Today we’re reading Leviticus 25, Ecclesiastes 8, and Psalm 111.
This devotional is about Leviticus 25.
The people of Israel were dependent on God for everything while they traveled from Egypt to the Promised Land. Here in Leviticus 25, verses 1-22, God gave some laws that would keep them dependent on him, if they obeyed them. These laws extended the notion of Sabbath rest to the land. God’s people were commanded to leave the land alone every 7th year (v. 4) and live by whatever it produced on its own without any sowing, cultivation or reaping (v. 6).
Think about that. The idea of having a Sabbatical year after every six years of work sounds pretty nice, doesn’t it? “Take the next year off” your boss tells you. “We’ll send you a profit sharing check based on whatever money comes in, even though we’re not going to work or produce anything. It should be fine.”
When you put it that way, taking a year off sounds pretty terrifying. Land doesn’t ordinarily produce crops on its own, so just loafing around for a year and eating whatever shows up sounds incredibly risky.
That’s exactly the point. As the Lord said in verse 21, “I will send you such a blessing in the sixth year that the land will yield enough for three years.” Taking a Sabbatical was an act of faith. It was taking God at his word that he would provide for his people. It wasn’t exactly a miraculous provision, like the manna from heaven was, but it was a divine provision. It would be an extraordinary event for God to make the land produce in this way, a reversal of the curse in Genesis 3:17-19, but that’s what God promised. He was promising a blessing to his people–the blessing of rest–if they simply trusted him.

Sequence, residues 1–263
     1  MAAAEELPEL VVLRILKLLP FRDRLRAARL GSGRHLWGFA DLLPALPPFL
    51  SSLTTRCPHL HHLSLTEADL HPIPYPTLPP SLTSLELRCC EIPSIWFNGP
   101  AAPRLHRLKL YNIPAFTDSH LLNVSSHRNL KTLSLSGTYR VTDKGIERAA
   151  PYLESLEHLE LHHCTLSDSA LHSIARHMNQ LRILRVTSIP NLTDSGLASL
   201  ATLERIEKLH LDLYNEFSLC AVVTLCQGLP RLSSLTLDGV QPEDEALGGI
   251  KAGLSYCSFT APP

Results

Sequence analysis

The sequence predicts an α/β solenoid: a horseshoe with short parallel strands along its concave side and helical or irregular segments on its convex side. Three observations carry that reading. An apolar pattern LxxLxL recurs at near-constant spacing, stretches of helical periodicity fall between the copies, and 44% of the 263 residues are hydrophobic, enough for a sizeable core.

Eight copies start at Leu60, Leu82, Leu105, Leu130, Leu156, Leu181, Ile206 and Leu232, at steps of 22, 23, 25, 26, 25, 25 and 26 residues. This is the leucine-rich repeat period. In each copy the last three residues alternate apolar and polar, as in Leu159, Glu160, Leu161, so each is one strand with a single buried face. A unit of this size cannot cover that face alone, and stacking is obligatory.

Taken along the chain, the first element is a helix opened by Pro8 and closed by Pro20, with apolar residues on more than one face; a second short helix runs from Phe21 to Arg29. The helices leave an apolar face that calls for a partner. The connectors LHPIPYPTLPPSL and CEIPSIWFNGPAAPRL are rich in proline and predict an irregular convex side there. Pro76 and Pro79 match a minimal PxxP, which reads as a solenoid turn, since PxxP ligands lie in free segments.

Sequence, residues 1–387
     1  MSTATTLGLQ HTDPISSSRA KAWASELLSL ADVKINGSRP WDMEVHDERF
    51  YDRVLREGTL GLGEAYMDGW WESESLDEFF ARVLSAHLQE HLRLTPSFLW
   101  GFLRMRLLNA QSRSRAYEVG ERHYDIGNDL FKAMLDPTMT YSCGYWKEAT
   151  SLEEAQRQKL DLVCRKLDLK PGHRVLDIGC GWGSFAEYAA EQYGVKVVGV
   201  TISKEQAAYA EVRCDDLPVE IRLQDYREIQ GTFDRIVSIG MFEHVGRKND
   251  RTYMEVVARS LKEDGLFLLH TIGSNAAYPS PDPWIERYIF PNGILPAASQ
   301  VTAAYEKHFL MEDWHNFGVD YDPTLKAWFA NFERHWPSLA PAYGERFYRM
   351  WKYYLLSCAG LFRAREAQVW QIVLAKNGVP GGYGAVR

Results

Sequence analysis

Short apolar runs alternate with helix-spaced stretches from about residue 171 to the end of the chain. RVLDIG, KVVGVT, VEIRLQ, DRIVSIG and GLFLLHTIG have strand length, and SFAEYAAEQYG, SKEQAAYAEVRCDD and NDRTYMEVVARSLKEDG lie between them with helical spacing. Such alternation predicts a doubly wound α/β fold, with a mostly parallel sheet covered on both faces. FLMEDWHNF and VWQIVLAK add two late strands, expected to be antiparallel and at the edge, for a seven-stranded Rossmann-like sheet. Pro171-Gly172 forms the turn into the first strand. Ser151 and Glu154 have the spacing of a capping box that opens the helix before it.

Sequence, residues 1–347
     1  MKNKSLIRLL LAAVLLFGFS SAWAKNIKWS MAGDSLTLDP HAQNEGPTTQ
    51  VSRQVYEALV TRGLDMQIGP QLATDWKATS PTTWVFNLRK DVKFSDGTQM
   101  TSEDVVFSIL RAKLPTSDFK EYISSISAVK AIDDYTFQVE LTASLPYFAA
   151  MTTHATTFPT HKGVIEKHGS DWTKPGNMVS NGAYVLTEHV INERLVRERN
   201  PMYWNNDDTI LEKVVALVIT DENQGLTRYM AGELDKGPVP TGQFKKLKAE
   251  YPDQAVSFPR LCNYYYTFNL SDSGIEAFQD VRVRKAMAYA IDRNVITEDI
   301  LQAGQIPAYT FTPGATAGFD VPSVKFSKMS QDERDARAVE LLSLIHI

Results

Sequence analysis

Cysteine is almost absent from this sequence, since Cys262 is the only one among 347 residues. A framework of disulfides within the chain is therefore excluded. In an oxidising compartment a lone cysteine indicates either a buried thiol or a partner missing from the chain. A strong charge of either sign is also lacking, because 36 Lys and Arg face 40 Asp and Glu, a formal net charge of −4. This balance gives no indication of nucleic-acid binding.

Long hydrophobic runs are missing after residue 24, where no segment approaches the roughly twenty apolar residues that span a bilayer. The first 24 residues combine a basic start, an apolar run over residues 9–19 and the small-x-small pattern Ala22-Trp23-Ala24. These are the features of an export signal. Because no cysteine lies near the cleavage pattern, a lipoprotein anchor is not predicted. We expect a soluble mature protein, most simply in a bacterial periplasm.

God’s people didn’t trust him, so they did not obey this command. When God allowed Jerusalem to fall to the Babylonians, it was in part to fulfill this passage. 2 Chronicles 36:21 says, “The land enjoyed its sabbath rests; all the time of its desolation it rested, until the seventy years were completed in fulfillment of the word of the Lord spoken by Jeremiah.” A great blessing was there for the taking but unbelief and fear kept it from happening.
Makes you wonder, doesn’t it? What blessings you and I might be missing because unbelief and fear cause us to disobey God’s commands?